Effective Technical Writing in the Information Age

When To Use The Active Voice


At least during your undergraduate studies, the nature of your writing assignments generally favors the active voice, because you usually write about general interest topics to educated laypeople and other scientists or engineers in a reader-friendly fashion. In general, a sentence that opens with a concrete simple subject followed by an active verb will serve you well; the rest of the sentence can reveal the new (and often necessarily wordy) information.

Two common circumstances follow where passive voice is too often used, even though active voice is completely practical:

  • Generally, use active voice in the topic sentences and the opening sentences of paragraphs—that way the topic for the paragraph is clearly announced:
  • Crustal rocks contain an interesting historical record. First, they reveal . . .

    Batteries, inductors, and capacitors provide electrical energy storage. In batteries, high internal resistance allows for . . .

  • When referring to another author’s work or introducing a figure or table, it is often stylish and interpretive to put the author’s name or the figure or table right into the subject of the sentence, then follow it with an active and literally correct verb:
  • Feldman explains how the relative brightness of objects depends on the viewer’s angle of observation.

    Figure 2 illustrates how fractal geometry can be used to create realistic landscapes.

The following excerpt from a meteorology paper demonstrates how admirable and efficient the active voice can be. This paragraph is especially impressive in that it explains the complex concept of vorticity through an analysis of the seemingly ordinary phenomenon of smoke rings. Note the consistent use of simple exact subjects followed by active descriptive verbs.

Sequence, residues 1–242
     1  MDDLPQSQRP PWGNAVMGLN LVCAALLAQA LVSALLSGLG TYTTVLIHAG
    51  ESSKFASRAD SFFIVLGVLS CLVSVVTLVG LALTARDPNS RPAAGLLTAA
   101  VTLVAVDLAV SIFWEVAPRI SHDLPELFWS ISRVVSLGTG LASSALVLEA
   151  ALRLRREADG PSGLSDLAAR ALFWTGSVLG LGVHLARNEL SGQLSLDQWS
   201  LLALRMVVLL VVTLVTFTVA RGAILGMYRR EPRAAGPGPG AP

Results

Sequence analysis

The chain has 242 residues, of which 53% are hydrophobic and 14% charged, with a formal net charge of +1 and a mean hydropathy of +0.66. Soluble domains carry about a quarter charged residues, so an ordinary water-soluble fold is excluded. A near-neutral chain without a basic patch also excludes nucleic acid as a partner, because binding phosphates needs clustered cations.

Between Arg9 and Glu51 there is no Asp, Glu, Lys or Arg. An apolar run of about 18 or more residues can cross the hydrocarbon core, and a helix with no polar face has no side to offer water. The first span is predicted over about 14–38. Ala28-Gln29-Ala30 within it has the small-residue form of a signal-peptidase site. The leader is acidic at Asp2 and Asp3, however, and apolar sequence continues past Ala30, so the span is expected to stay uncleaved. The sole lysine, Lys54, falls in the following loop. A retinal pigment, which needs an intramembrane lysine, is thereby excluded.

Figure 4 depicts a smoke ring in which the layers of a toroidal vortex ring are visible. As the picture shows, the smoke ring moves away from its source and trails smoke from its center. The trail of smoke behind the moving smoke ring indicates that the same viscous stress that caused the smoke ring to form also causes its eventual destruction. As the smoke ring continues to move (Figure 5), the outside boundary of the ring rotates toward the same direction as the relative motion of the surrounding air. The inside boundary rotates opposite in direction, and thus the change in relative velocity with distance across the boundary produces drag.

Clearly, this is a paragraph that the writer toiled over, yet, thanks to the clear transitions and sensible use of the active voice, it is highly readable and efficient. This writer understood well how to marshal active verbs to explain phenomena. Note how, thanks to the active verbs, we can readily picture the described phenomena even without the figures being supplied.

One cautionary note, though: even though you are generally allowed to use "I" (or "we") in papers written largely in the active voice, you must beware of overuse. Simple transition words can represent the writer’s thinking just as well as the use of "I." For instance, the word "apparently" can do the same job as "I believe that"; the word "however" is much better than "as I turn to another way of thinking about it." Also, using "I" can be distracting, especially because it might cause you to inject too much personal opinion or irrelevant subjectivity—technical papers are not the place to share digressive speculations or assert your personality. Remember that your focus is on information and your considered interpretation of that information. Strong interpretive verbs and confident, accurate pronouncements automatically suggest that an "I" is at work anyway, so concentrate on choosing simple transitions, concrete nouns, and muscular verbs.